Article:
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How did the reign of Elizabeth transform the Tudor state?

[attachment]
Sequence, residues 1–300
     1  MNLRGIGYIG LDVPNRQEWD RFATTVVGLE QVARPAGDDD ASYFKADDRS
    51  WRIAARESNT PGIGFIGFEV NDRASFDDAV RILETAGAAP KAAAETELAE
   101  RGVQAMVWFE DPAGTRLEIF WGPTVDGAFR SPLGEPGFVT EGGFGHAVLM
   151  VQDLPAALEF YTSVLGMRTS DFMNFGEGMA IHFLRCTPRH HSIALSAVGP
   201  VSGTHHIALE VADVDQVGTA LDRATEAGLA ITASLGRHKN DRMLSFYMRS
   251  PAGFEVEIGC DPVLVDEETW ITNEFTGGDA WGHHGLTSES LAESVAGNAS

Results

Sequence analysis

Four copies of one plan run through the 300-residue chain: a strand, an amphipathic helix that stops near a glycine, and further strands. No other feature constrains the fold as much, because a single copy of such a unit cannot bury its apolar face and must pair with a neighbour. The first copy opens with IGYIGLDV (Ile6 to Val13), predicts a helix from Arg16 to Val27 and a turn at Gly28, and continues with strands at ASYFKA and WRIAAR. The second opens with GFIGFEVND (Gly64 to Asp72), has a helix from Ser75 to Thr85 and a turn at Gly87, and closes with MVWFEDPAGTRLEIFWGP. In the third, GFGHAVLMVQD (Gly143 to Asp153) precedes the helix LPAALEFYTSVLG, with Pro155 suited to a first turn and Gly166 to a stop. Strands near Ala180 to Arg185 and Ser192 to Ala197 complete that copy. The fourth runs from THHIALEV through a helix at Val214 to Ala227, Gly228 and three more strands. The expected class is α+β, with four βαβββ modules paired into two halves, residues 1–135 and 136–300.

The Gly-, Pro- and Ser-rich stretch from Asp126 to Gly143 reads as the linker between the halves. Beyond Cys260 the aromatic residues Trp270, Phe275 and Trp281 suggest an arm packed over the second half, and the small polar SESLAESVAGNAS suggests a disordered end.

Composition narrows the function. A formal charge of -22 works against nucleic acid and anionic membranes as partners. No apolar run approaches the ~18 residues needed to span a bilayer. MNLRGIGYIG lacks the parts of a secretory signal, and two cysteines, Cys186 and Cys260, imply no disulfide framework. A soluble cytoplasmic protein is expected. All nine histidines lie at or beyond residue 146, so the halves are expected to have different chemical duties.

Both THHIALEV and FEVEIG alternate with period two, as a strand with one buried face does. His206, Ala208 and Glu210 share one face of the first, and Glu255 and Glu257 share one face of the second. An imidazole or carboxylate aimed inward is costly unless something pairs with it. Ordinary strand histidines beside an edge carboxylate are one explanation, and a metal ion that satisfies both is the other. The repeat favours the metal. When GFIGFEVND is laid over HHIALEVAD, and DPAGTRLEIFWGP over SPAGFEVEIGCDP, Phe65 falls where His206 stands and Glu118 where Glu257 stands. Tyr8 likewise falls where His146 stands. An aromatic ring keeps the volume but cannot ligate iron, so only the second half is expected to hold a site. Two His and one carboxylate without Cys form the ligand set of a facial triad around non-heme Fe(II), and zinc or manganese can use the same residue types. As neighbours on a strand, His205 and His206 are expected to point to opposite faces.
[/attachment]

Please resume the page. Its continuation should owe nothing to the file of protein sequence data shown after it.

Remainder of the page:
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British History 1400-1750 Inderjeet Johal How did the reign of Elizabeth transform the Tudor state? Elizabeth I came into succession when the state was in complete turmoil. Mary I had left the Tudor state in complete shambles. It was left 'weak in strength, men and money and riches, and the queen was poor and the realm exhausted'. In 'England under the Tudors' by GR Elton and John McGurk, Elton writes of the chaotic country left by Mary I. Inflation was increased by famine, plagues and harvests; this led to exploitation of lands, and land being sold on the open market. The more profit made by producers for the use of their lands, the more landowners wanted for rent. This led to conflict within the country, and so when Elizabeth came to the throne, it was important that she took power and matters into her own hands so the country wouldn't crumble. Mary and previous rulers had left the state virtually bankrupt, and England was in need of some sort of religious mediation. Within the reign of Elizabeth, the queen introduced 'The Elizabethan Settlement of 1559', restoring a moderate Protestant state. Her reign transformed the state into one which at first brought about stability; she cut down on inflation and reduced England's debt, whilst also tackling religious opposition. By the end of her reign however, there was conflict and opposition with the Parliament and other European powers, and financial instability. The political and religious ideas of Elizabeth and her government had a major impact on the state as a whole, transforming the Tudor State and effecting social change during her reign. Although Elizabeth's academic intelligence was high, she wasn't trained or experienced in politics. John McGurk writes the Queen possessed ideas, learning the mistakes of those before her, especially Mary. She wanted to resolve the extreme hostilities between Catholics and Protestants which her sister had created. ...read more.